One of the Pontiac Fiero's touted features was a plastic body that could be changed for another. Today's Nice Price or Crack Pipe Fiero Mera has had its body switched for that of an italian, but is its price lira-cal?

ASCII Art is imagery created from the 95 printable characters in the ASCII compliant character set. Up close it appears to be nothing more than a binary cacophony, but by backing away from the image, coherency emerges. Yesterday's '73 or '74 BMW 2002tii convertible was much like that ASCII art, only made from rust particles rather than dot matrix output. The relatively narrow 64% Crack pipe loss is evidence that backing away from a classic Bimmer still remains a challenge.

But we're not going backwards today, it's all ahead, faux! We've seen Fiero-based homages to Lamborghini, Ferrari, as well as glue-sniffiers' hallucinatory creations before in these hallowed halls, but what makes today's phony baloney Fiero Fauxrrari interesting is that it was once sold as new through Pontiac dealers, albeit without Pontiac's blessing but with a full warranty. The Fiero's un-stressed RIM plastic body over a steel subframe proved a blessing for those who yearned to live the life of an exotic car pilot but whose pockets carried little more than linty Tic Tacs and just enough change to make a local call. The Fiero became more than just a plastic fantastic, it had become the modern equivalent to VW's versatile Beetle platform.

The brain child of Corporate Concepts in Capac Michigan, the Mera re-imagined the 1987 Fiero GT as something Magnum would drive - a 308GTS - or would at least something that would help its porn-stache jonesing owners in needing a Magnum, Sheik, or Trojan after a Friday night trip to the neighborhood Black Angus. This lemon yellow '87 Mera is one of only 88 completed and sold through Pontiac's dealers that year. As with any '87 Fiero GT, the suspension's like a southern cousin to the ancient Chevette up front and the GM X-body in the back. That is, it's got an X-body front that's moved to the. . . to be more precise, what used to be in front of you in the Citation is now behind you in the. . . did I mention it has a 140-bhp V6? Yessireebob, the 2.8-litre L44 V6 sports port injection and sturdy pushrods to keep maintenance costs at Pep Boys levels rather than a real 308's bend you over and let Manny, Moe, and Jack Mapplethorpe-you levels. Backing that up is an Isuzu-sourced five speed stick and the car comes with most of the modern amenities you've grown to love, like ABS, A/C, and powered everything so you can't use the car as an excuse for not hitting the gym.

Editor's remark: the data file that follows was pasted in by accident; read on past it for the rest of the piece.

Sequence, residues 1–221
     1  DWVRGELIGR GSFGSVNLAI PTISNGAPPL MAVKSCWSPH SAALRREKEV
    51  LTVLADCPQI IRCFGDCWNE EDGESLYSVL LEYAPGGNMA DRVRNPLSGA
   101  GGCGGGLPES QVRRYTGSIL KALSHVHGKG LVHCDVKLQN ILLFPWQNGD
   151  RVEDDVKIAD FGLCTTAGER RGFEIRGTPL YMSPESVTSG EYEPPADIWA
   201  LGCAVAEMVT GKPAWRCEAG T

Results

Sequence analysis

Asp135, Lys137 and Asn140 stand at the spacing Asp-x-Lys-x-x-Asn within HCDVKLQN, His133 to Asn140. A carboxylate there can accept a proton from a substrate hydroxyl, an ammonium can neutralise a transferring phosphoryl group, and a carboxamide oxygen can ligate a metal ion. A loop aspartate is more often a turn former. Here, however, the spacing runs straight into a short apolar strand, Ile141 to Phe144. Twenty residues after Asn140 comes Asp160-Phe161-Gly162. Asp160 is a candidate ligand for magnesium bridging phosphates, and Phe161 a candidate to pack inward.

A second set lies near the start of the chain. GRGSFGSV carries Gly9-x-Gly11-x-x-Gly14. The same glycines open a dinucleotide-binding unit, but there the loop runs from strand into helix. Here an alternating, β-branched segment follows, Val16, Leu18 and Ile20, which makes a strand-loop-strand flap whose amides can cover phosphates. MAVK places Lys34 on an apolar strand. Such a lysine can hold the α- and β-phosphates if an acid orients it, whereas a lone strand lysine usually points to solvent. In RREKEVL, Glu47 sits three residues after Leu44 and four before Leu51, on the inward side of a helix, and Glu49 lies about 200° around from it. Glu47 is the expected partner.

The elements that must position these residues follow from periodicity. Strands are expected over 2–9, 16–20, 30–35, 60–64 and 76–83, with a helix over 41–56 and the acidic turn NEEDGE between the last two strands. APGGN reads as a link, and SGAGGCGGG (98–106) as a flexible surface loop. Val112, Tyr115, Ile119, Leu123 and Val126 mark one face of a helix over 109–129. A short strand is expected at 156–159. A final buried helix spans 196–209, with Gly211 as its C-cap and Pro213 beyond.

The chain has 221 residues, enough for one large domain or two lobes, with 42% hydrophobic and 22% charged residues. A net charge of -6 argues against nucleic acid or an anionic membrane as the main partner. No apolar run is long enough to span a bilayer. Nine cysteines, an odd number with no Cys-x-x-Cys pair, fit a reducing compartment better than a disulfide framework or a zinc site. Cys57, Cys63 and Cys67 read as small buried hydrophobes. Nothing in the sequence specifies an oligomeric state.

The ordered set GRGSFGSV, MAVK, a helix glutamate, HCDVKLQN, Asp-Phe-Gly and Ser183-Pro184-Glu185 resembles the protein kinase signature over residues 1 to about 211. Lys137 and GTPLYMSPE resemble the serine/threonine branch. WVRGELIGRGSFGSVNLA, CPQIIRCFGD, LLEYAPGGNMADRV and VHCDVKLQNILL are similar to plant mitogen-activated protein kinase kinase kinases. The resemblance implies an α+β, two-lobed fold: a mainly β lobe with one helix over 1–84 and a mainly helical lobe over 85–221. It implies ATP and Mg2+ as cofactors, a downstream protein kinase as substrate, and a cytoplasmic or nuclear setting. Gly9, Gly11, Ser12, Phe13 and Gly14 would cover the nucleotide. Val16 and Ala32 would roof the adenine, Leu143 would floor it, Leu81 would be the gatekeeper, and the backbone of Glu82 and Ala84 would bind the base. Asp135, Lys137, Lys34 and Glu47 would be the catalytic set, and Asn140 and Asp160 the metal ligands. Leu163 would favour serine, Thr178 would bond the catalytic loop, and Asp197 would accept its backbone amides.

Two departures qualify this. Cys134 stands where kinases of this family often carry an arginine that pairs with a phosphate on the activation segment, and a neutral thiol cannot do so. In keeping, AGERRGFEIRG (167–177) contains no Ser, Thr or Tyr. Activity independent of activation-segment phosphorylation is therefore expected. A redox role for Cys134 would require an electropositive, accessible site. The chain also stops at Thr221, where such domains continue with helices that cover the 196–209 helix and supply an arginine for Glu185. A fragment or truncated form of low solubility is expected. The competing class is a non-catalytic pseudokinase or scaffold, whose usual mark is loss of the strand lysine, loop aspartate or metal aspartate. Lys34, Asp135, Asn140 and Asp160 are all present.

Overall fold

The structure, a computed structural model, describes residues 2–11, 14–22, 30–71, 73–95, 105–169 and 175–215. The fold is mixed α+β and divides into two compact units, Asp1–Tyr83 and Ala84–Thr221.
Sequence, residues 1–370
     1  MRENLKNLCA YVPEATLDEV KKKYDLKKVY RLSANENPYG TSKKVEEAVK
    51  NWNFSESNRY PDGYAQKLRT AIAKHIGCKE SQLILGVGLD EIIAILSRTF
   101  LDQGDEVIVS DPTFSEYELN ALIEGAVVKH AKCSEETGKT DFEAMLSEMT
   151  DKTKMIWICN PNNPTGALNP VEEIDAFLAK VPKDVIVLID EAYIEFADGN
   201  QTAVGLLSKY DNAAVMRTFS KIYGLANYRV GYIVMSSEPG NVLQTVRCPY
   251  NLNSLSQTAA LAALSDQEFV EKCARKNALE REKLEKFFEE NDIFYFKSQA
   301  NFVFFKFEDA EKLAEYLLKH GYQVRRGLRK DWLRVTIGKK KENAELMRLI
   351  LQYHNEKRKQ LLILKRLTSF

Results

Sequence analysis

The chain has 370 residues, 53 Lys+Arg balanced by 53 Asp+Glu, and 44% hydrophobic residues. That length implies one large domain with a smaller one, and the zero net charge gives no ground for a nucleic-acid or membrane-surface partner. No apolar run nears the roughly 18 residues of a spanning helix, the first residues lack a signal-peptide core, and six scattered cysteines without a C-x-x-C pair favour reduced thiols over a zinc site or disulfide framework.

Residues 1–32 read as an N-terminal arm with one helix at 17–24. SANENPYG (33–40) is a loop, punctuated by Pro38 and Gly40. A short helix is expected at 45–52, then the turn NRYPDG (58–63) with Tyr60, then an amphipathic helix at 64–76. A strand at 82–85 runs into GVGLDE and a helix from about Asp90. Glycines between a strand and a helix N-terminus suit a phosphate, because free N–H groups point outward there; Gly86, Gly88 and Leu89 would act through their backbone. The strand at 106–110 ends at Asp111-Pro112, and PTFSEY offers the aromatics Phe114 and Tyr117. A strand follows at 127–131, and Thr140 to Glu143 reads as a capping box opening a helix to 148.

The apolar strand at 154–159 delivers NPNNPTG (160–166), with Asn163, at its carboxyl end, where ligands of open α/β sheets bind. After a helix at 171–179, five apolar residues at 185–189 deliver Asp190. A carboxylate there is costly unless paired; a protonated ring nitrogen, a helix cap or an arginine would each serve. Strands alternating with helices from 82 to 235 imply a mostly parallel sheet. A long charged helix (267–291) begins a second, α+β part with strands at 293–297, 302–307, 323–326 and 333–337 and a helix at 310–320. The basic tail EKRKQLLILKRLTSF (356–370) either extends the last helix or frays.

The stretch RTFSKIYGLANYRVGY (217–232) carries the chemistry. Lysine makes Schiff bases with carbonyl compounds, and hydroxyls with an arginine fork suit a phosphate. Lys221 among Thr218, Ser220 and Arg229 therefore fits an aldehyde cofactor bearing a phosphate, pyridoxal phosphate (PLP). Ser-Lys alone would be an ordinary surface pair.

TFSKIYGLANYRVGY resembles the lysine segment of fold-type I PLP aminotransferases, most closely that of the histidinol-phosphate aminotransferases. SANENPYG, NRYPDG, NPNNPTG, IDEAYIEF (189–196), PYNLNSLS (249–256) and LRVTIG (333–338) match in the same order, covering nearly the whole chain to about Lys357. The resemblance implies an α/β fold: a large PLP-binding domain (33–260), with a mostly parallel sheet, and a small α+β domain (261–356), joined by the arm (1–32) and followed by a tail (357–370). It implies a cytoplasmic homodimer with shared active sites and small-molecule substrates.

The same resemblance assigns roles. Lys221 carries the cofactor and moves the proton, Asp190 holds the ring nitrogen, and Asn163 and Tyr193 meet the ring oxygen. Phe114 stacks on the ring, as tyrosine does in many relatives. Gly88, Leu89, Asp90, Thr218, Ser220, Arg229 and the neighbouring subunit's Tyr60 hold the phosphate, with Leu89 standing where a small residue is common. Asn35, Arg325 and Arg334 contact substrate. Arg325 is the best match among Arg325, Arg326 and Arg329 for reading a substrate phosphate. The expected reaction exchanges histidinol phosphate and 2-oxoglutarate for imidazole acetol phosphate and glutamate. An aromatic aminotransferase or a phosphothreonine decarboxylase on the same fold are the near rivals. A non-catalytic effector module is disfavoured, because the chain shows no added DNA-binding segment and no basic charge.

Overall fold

The seller says the car has but 69,000 miles on the clock, and that odo rests in the bosom of what is unquestionably the most angular dashboard this side of Picasso's Pegaso. Despite the I ass-cones the eighties interior styling, its browness appears to have held up remarkably well. The stick for that five speed does stick up far enough out of the center hump that you could offer your friends cut-rate prostate exams with it, but that's just an added perk. Outside, the car sports Ferrari badges and enough prancing horses for it to star in Equus, off Broadway. The Real 308GTS is a full targa, but as the Fiero base was a Tee-top, so too is the Mera. In back, the resemblance to Enzo's eight is uncanny, but up front is where things start to go south. The 308 had solid covers on its pop-up headlights, and louvered vents behind. The Mera says the hell with all that complexity and merges the two in a louvered pop-up that looks. . . odd.

This car is claimed to have had one owner since '89, and has made the rounds of the Mera club meets ( yes, such things exist) and in fact, you can see a picture of what looks to be this exact same car with Corporate Concepts boss, Bob Bracey leaning against it here.

The Mera was only made available for two years, '87 and '88 (the latter year being based on the cheaper Formula rather than the GT) before Ferrari's lawyers habeased its corpus or something. That makes this Fiero a rare and interesting footnote in the annals of Pontiac's history. That being said, it is a fake 308GTS. THAT being said, it does come with both a pretty reliable drivetrain and a $9,900 price tag. Is that a price that makes it an Am-Mera-can hero? Or, would you only pay that much for this fake Ferrari in funny money?

You decide!

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